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International Evidence Provides Poor Guide for U.S. Budget Policy

March 21, 2011 at 10:16 AM

Joint Economic Committee (JEC) Republicans issued a report last week arguing that cutting government spending is the key to both long-run fiscal stability and economic growth -- and that the sooner we start down that path, the better. The paper cites empirical evidence concerning deficit-reduction efforts in numerous countries over the past several decades that, at first glance, seems to support their claim. But, in reality, this evidence has little relevance to the fiscal and economic challenges facing U.S. policymakers.

The United States faces the short- to intermediate-term challenge of recovering from its greatest economic slump since the Great Depression. Our chart book documents the substantial economic slack and excess unemployment that remain almost two years after the recession bottomed out.

But the United States also faces the longer-run challenge of stabilizing the federal debt, which is on an unsustainable path. This long-term problem was evident before the recession hit, and the spike in the budget deficit due to the recession made little difference to the long-term problem.

Federal Reserve Chairman Ben Bernanke has warned against an immediate, sharp reduction in federal spending, saying at a recent congressional hearing, "the cost to the recovery would outweigh the benefits in terms of fiscal discipline." Emphasizing the importance of taking a long-term view, he said, "We need to show that we have a plan that will carry us forward for the next decade at least, that will produce consistent reductions in that deficit over time, and that has the benefit of allowing us to think it through."

The Republican JEC report reaches a different conclusion. It claims that "a growing body of empirical studies proves that fiscal consolidation programs based predominantly or entirely on government spending reductions are far more likely to be successful" at stabilizing deficits than programs based on tax increases [emphasis added]. The report argues that "quick, decisive government spending reductions" are a key to success and that deficit-reduction programs focusing on spending cuts "may even boost the real GDP growth rate in the short term under certain circumstances."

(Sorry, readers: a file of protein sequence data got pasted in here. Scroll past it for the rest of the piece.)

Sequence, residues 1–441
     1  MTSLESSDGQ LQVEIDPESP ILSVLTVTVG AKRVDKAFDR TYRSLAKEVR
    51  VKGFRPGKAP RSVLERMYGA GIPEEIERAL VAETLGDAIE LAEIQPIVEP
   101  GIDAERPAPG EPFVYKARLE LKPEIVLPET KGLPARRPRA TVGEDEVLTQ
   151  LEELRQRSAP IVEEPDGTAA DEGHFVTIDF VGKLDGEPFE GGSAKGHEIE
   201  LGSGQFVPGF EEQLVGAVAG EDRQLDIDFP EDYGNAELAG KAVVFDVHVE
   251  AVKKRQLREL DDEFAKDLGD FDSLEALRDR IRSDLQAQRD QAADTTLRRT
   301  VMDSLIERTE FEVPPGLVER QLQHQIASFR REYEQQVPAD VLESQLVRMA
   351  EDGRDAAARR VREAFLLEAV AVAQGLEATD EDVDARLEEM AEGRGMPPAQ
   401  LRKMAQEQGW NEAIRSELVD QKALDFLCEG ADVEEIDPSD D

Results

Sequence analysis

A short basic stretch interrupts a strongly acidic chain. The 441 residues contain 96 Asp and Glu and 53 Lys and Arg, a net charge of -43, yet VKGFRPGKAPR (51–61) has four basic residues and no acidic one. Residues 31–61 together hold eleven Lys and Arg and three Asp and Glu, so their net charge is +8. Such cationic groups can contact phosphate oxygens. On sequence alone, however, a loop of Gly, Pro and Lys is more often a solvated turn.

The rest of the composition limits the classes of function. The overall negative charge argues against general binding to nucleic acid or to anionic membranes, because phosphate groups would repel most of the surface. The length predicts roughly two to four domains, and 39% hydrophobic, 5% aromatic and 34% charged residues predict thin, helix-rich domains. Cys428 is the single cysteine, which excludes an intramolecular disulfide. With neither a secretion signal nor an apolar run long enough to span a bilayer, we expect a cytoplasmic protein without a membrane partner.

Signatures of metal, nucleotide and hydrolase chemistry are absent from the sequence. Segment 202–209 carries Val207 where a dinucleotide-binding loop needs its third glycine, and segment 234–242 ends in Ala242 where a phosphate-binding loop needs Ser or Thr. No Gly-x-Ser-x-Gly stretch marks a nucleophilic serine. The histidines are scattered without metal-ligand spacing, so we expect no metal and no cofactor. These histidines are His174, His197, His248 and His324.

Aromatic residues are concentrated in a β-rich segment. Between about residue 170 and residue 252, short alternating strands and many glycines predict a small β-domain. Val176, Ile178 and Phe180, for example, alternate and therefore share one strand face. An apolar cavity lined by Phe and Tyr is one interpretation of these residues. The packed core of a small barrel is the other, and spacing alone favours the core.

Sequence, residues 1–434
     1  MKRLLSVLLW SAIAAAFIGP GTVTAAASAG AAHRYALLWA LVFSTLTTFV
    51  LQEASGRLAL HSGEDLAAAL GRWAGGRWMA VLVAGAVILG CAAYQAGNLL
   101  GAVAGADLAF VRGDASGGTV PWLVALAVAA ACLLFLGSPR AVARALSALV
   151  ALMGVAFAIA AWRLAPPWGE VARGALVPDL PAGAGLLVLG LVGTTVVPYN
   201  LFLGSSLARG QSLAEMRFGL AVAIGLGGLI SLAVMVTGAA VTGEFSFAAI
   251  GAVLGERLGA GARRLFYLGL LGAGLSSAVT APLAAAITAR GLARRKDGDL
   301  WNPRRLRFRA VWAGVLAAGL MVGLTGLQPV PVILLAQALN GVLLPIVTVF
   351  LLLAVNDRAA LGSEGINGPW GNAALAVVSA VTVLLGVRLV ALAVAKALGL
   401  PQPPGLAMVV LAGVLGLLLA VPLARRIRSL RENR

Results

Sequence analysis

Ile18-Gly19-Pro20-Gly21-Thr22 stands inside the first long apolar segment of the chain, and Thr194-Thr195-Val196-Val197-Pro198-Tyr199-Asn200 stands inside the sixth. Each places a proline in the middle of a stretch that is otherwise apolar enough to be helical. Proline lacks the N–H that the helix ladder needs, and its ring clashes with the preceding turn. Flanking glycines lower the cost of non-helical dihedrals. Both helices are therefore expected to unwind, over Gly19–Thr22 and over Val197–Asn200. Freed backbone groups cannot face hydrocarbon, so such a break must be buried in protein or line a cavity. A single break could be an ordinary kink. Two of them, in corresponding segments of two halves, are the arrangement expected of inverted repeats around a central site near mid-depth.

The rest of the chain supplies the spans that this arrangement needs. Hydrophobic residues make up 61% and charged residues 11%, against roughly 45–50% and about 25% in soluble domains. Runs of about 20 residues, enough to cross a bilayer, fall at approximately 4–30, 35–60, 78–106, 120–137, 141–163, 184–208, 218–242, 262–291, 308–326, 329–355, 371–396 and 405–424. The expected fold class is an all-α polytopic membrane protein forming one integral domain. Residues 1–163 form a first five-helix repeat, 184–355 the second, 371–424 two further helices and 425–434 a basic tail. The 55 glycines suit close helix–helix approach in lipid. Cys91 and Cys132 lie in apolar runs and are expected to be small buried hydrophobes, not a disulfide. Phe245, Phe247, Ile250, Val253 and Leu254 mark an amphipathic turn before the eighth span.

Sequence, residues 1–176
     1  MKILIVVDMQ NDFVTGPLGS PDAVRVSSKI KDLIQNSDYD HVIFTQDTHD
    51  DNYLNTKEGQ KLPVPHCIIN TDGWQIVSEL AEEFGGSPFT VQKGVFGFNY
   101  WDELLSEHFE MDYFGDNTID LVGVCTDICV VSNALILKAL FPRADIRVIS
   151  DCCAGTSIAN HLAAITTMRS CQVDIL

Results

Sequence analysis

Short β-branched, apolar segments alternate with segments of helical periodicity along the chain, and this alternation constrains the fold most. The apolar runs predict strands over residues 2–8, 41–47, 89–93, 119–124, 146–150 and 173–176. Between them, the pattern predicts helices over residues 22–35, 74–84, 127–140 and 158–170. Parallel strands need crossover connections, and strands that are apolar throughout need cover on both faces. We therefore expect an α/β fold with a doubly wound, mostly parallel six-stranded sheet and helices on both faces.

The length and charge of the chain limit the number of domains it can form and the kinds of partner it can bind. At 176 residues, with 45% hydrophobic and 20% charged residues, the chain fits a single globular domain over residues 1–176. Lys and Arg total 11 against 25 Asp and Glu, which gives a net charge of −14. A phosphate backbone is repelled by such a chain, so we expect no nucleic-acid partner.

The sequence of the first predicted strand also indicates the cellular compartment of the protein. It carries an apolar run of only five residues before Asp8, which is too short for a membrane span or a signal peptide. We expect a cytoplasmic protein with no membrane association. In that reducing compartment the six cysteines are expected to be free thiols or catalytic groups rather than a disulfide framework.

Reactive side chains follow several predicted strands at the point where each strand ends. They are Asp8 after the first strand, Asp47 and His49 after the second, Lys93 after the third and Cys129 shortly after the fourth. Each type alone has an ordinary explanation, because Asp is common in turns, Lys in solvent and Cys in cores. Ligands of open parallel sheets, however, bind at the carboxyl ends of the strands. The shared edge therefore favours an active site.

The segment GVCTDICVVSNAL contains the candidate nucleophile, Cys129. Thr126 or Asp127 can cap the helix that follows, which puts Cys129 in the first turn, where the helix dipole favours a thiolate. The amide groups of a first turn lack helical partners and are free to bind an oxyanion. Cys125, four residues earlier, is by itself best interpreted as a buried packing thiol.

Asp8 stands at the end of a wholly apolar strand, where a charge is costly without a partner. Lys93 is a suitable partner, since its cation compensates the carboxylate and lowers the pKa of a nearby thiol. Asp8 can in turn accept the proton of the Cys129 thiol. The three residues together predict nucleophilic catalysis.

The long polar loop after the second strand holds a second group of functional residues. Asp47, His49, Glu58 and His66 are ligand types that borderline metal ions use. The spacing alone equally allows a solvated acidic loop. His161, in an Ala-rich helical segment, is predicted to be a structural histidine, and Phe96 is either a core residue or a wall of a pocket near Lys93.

The studies on which the Republican JEC report is based, most prominently one by Harvard economists Alberto Alesina and Sylvia Ardagna, examine disparate countries facing disparate economic and budget situations under disparate global economic conditions. Their limitations deserve much greater scrutiny. We are preparing a fuller analysis, but here are three preliminary observations:

  • Evidence that cutting spending increases GDP in the short term is weak. The International Monetary Fund has concluded with regard to Alesina and Ardagna's study, "The idea that fiscal austerity triggers faster growth in the short term finds little support in the data."
  • Evidence that a deficit-reduction program focused on spending cuts can promote short-term growth and long-term fiscal stability is slim. Alesina and Ardagna identified 107 episodes of "large" deficit-reduction programs. Among these, we count only nine that they characterized as both "successful" (i.e., the program stabilized the debt) and "expansionary" (i.e., it did not harm economic growth in the short term). All nine occurred in small, mainly Scandinavian economies: Finland, Ireland, the Netherlands, New Zealand, Norway, and Sweden.
  • U.S. macroeconomic and budget conditions aren't right for sharp spending cuts. Mike Konczal and Arjun Jayadev examined the specific episodes Alesina and Ardagna cited in which spending cuts boosted short-term growth. They found that none of them took place in a country still feeling the effects of a large recession as the United States is now, with substantial economic slack, tepid economic growth, and high unemployment.

The countries that boosted growth could do so because falling interest rates from an expansionary monetary policy stimulated investment, because a depreciating currency stimulated net exports to cushion the drop in consumption stemming from the spending cuts, or some combination of the two. The United States doesn't have these options: interest rates are already very low and our major trading partners are still feeling the effects of the financial crisis and recession.

The premise of the JEC Republican report is that the United States is already in the midst of a debt crisis and immediate action is imperative. Yet investors believe otherwise, as demand for U.S. securities remains strong and interest rates remain at historic lows. Similarly, the Federal Reserve remains more concerned about high unemployment than an outbreak of inflation, and Chairman Bernanke is cautioning against immediate sharp spending cuts.

In essence, the JEC Republican report tries to put an academic gloss on the current Republican voodoo economics claim that government spending is crowding out productive private investment. That argument would have more force if the economy today looked more like the economy in the 1990s expansion -- the longest in our country's history and the last time we had a balanced budget. But in today's economy, weak demand, not competition for funds, is the much more plausible explanation for inadequate investment.

By the way, one of the key deficit-reduction measures in the 1990s was raising taxes on top earners, over Republican warnings that that would wreck the economy. The JEC Republican report's claim that spending cuts are the only way to reduce the deficit and that tax increases "are the bane of economic growth" is deja voodoo all over again.